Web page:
In one of her letters to her sisters Mary speaks of St Joseph's humility, saying:

'Sisters, this was a quiet humility, grounded on submission to the adorable will of his God. It was a humility of heart, not of words, a silent not a noisy humility.'

That was Mary's own way.

3. Bearing the Cross
Mary soon recognised that her decision to call herself Sister Mary of the Cross, was prophetic. In her early years with the Congregation she experienced much pain. This came partly from the hostility and erratic personality of some church authorities. But it also reflected a natural tension between the special commitment of the Sisters to the poor and the local bishops' desire to use the sisters for their own projects.

These tensions showed themselves quickly in Adelaide. Many well-off Catholics disapproved of sisters begging. They also resented the singleminded commitment of the sisters to provide basic education for the poor. They wanted good secondary schools. Some clergy shared these feelings, and wanted the sisters to take Government money. This would have affected their curriculum. In Mary's absence in Brishane, too, Fr Woods had naively trusted manipulative sisters who claimed to have had visions. Alarmed, Bishop Sheil who was naturally erratic and was advised by people hostile to Mary, tried to change the rules of the congregation and its educational emphases. When Mary would not accept such arbitrary changes to the rule, Bishop Shiel excommunicated her illegally. When he died in 1872, the Congregation was again endorsed.

This crisis led Julian Tenison Woods and Mary to seek approval from Rome for their rule. Mary went to Rome and eventually received a rule that placed the sisters under their own Superior and committed them to the poor. In 1875 the sisters of the congregation then elected her Mother General. But conflict soon arose with Bishops who wanted the sisters under their own control. Mary had to withdraw her sisters from Brisbane and Bathurst over this issue.

Bishop Reynolds, alarmed that the spread of the Josephites into New South Wales would affect the resources of the Adelaide Church, called an enquiry into the Congregation. He pretended that the Vatican demanded the enquiry, put the sisters illegally under oath, and deposed Mary on false charges. Rome ordered an investigation, cleared Mary and reconfirmed its support for the Josephite rule.

Eventually, some local Bishops established Josephite Congregations. Novices were permitted to join them. So were those who had taken vows under the Rule that Rome had approved. But they first needed to be released from their vows, and then they were free to commit themselves to the new Congregations. They eventually wore black robes to distinguish them from the Brown Josephites. The old tensions between the two orders have now disappeared.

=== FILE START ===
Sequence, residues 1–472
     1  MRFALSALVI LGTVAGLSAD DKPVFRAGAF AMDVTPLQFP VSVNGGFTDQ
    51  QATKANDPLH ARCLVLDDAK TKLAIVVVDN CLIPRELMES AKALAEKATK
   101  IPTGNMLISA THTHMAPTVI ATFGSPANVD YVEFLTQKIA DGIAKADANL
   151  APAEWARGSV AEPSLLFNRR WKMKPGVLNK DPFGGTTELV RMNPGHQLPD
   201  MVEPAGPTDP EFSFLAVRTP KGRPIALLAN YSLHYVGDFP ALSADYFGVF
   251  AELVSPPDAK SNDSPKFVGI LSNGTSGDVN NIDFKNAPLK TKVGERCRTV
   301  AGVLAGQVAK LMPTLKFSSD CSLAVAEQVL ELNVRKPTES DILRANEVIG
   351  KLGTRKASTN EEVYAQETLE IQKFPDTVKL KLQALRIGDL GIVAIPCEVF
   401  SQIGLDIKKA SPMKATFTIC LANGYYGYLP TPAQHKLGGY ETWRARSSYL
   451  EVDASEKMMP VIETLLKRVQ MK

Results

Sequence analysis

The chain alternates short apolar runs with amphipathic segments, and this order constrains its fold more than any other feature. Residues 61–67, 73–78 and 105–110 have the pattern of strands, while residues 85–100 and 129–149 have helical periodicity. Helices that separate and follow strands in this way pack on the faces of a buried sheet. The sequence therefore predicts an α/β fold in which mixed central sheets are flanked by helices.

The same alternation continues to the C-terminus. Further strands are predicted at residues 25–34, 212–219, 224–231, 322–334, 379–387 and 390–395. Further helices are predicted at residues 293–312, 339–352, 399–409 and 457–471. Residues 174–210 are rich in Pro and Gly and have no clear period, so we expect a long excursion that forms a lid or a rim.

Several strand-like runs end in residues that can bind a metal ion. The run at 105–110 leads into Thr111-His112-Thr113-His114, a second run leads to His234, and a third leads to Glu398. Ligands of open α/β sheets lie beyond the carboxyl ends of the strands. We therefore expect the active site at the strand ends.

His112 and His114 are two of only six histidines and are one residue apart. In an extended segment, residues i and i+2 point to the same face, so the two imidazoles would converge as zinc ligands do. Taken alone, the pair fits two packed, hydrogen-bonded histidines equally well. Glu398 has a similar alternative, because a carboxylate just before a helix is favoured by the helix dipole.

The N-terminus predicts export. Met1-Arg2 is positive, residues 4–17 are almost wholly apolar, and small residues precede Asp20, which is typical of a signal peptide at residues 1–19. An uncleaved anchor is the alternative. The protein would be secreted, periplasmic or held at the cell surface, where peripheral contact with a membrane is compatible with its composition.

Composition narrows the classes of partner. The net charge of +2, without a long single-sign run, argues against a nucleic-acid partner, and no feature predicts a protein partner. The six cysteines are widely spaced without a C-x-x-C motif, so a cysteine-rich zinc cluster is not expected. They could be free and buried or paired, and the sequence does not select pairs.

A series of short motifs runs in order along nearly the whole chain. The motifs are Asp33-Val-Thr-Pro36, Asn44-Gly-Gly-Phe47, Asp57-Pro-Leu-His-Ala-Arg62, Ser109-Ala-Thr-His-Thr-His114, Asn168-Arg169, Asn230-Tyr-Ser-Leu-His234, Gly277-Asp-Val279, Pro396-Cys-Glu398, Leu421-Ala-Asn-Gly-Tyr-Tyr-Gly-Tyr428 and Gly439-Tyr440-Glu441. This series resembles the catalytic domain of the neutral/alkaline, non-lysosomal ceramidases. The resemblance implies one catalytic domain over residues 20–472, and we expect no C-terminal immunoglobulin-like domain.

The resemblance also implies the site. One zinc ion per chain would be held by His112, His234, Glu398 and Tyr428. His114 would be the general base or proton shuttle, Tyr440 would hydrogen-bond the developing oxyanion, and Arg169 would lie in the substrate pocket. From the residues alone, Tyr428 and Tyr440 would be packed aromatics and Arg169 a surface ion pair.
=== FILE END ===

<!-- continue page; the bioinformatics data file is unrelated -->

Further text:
A blessing from Rome
'On Sunday I had the happiness of seeing the Holy Father and of obtaining a warm blessing from him for myself and my dear sisters. What he said and how he said it when he knew I was the excommunicated one, are things too sacred to be spoken of—but he let me see that the Pope has a father's heart, and when he laid his loved hands on my head I felt more than I will attempt to say.'

Mary MacKillop, in a letter to her mother, June 1873.

4. Later Years
When in 1885 Mary received definitive Roman approval for her Congregation, Mother Bernard was named its Superior. Mary acted as her assistant. She travelled widely, visited the Sisters, and spent much time in New Zealand where the demand for the Sisters had grown. They had established a school for Maori children. Mary also wanted to have sisters work with Indigenous Australians, but this never eventuated in her life time.

By this time Australian governments had instituted free and secular public education. Concerned for the faith of Catholic children, the Bishops responded by building schools to educate all Catholic pupils. This relied heavily on religious sisters and brothers, including the Sisters of St Joseph.

After Mother Bernard's death in 1898, Mary was again elected Mother General. Despite her uncertain health she continued to travel. She revisited New Zealand where she had a stroke in 1902. She was reappointed Mother General, but was soon confined to a wheelchair and died in 1909.

The Josephite spirit today
Sr Patricia Keane RSJ took her vows as a Josephite Sister 45 years ago. She describes what it means to be a Josephite sister.

I think the Josephites have a fairly down to earth approach to life. We're there for the ordinary person, and because of that a lot of people identify with us.

The Josephites were the first nuns in South Australia. They went out into the country areas and lived in the same conditions as the people. They weren't afraid of getting out there and doing the hard yakka.

The women these days are also committed in amazing ways, in the distances that they travel to go out to be with the people, particularly people in rural areas, and helping the Aboriginal people, and in New Zealand working with Maori people. They are out there helping in any way that they can.

Sr Patricia is the Director of the Mary MacKillop Centre in Kensington, Adelaide.

 

Topic tags: thecatholictradition, people’sstoriesoffaith, heroesandrolemodels, australianidentity, saints